Eye Exams & Prescription Check

Does Sloane & Co. offer eye exams?

We offer eye exams at our Flagship Store located at 186 Ashley Road, Hale, England, United Kingdom WA15 9SF, you can also book online by clicking this link.

How much do your exams cost?

£25 for private; NHS free.
We also offer OCT (Optical coherence tomography) a 4D scanner of the retina for early detection of disease and tumours, glaucoma. We also have a retinal camera.

How long does an exam last?

Most exams last about 20 minutes. However, if you choose to have your pupils dilated at the time of your exam, your appointment could last up to 40 minutes.
[Heads up: Dilations can cause your eyes to be sensitive to light for several hours after your exam. Best to book your appointment for a time when you can rest up afterwards!]

Is there a late policy for eye exams?

For Cancellations, please contact us at least 24 hours in advance to avoid being charged.

Does Sloane & Co. offer Eye test for contact lenses?

Yes! We offer contact lens exams. Contact Lens consultation is £25.

Can I get a contact lens fitting at Sloane & Co.?

If you currently wear contact lenses — or have worn them in the past — yes! We got you!

Do I need an appointment?

Yes, appointments are strongly encouraged. However, we would take walk-ins if the schedule allows us or if you have an emergency.

How often should I have a Comprehensive Eye Exam? What about a Contact Lens Exam?

In general, we recommend a comprehensive Eye Exam every 12-18 months. However, depending on your situation (e.g. family history of eye disease, history of problems, etc.) or if you wear glasses or over 40 years old, we recommend a comprehensive Eye Exam every 12months. Contact Lenses wearers should have a Contact Lens exam every year.

What is Prescription Check?

The Prescription Check is a process where an eye doctor assess how you’re seeing through your glasses and renew your eyeglasses prescription if need be.

What is the difference between single-vision and progressive lenses?

Single-vision lenses offer one correction throughout the entire lens (usually for distance or reading). Progressive lenses offer multiple focal corrections in one lens, providing a seamless transition from distance correction on top to reading correction on bottom. This means you can see your whole field of vision without switching between multiple pairs of glasses.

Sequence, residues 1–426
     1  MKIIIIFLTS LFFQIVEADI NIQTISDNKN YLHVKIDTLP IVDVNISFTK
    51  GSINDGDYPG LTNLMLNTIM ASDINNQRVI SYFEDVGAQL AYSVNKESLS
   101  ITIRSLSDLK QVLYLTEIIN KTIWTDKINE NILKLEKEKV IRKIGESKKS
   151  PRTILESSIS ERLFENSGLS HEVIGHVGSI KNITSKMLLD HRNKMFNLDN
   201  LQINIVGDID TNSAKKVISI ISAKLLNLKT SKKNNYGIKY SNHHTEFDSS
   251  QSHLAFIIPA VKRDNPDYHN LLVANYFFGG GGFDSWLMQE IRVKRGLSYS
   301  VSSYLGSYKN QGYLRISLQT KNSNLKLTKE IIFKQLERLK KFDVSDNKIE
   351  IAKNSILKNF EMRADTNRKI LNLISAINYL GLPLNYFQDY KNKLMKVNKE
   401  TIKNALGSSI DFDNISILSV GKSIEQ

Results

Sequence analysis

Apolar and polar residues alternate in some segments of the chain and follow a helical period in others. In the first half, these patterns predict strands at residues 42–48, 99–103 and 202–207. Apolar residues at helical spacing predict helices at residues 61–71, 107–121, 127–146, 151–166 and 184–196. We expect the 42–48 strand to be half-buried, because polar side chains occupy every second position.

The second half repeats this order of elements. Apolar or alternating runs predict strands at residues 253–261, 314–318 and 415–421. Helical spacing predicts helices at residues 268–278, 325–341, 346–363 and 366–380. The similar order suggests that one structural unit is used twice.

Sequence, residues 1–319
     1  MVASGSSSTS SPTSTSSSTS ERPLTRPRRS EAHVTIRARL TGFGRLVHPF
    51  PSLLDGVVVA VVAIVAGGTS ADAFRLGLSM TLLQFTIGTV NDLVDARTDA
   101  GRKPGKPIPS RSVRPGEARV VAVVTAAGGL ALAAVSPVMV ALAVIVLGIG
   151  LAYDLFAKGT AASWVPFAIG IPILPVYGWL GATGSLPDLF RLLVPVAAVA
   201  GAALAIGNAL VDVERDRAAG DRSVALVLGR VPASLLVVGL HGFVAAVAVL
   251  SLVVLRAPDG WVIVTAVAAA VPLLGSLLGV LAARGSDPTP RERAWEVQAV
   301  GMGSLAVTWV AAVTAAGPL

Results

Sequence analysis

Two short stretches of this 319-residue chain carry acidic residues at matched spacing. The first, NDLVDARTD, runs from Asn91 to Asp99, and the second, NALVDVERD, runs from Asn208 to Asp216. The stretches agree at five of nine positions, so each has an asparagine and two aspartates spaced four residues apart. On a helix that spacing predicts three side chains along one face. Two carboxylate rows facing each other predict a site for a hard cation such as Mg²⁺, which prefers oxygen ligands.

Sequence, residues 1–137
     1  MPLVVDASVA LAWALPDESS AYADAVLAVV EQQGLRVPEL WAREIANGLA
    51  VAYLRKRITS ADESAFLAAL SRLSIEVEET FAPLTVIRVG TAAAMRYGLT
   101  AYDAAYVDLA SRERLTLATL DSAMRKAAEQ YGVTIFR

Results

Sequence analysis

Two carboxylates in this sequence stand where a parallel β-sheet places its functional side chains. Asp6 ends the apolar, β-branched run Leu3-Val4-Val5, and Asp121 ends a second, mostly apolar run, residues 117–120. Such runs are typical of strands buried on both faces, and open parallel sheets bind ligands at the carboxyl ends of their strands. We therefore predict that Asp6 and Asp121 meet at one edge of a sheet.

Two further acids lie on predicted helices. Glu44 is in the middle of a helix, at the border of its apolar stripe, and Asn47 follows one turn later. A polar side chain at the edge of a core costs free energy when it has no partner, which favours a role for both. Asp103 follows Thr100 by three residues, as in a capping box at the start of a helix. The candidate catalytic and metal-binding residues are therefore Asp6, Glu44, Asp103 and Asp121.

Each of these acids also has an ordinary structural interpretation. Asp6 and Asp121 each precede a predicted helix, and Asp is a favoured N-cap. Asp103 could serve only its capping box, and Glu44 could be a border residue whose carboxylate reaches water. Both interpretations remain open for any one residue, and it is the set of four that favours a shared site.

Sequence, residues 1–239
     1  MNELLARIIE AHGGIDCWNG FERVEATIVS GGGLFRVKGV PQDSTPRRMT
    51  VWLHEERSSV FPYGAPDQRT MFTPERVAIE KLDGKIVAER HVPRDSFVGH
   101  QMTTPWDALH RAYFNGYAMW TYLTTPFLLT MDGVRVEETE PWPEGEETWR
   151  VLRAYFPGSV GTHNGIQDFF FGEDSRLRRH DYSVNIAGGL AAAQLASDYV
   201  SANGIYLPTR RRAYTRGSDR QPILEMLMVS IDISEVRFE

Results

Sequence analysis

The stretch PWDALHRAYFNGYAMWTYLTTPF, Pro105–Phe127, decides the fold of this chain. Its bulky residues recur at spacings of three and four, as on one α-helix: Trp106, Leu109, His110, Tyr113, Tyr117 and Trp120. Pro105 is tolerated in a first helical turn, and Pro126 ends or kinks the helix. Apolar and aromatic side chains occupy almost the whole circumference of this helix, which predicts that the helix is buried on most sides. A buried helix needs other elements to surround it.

Help! I don’t know how to read my prescription!

OD:​This abbreviation stands for “oculus dexter,” which is “right eye” in Latin.

OS​: This abbreviation stands for “oculus sinister,” which is “left eye” in Latin.

Sphere (SPH):​ Sphere indicates how strong your lenses need to be. This will be accompanied by (+) or (-), which means whether you’re farsighted or nearsighted.

Cylinder (CYL)​: Cylinder is the correction for astigmatism. Astigmatism (thanks for asking!) means that the shape of your cornea prevents you from seeing with perfect sharpness. If you have a cylinder included on your contact lens prescription, that usually means you wear toric lenses.

ADD​: This is used when you require a prescription for both distance and reading in your glasses or contact lenses. It can be shown as an ADD value with a plus (+) sign with a number or, for certain contact lens brands, a description like “high” or “low.” An ADD indicates that you may need progressive or multifocal lenses.

Here are a few additional terms you’ll see on a contact lens prescription:

Base curve (BC):​ For contact lenses, the base curve helps the lens fit properly. This usually is a number between 8 and 10 that measures the curve of a contact lens.

Diameter (Dia):​ This is the width across a contact lens in millimetres. Most contact lenses are 13–15 mm wide.

Brand: ​The part of the prescription that specifies which kind of contacts have been prescribed to you. For contact lenses, we are only able to fulfil the brand of lenses prescribed by your doctor.

Colour:​ Many contacts have a slightly visible tint to help you see them against different surfaces. (It’s common to see blue tint or handling tint listed on your contact lens packaging.) Specific contacts may have a colour tint to enhance or change your eyes’ colour while you wear them. This does not affect your vision, but it’s still essential to get a doctor’s prescription to make sure they fit your eyes properly.

What do I do if I'm experiencing issues with my contact lenses?

If you’re experiencing any irritation or other issues while wearing your contact lenses, remove your lenses and directly reach out to your doctor.


How do I know if a frame fits me?

  • Your pupils should be near the centre of the lens.
  • Lenses shouldn’t extend past the side of your face.
  • Eyebrows should not be inside the glasses.
  • When you smile, your cheeks don’t push the frames up.
  • Frames shouldn’t slide down your nose.

Above all, pick what makes you look and feel good!

If you still have more questions, please email us. We’d love to help and we look forward to hearing from you.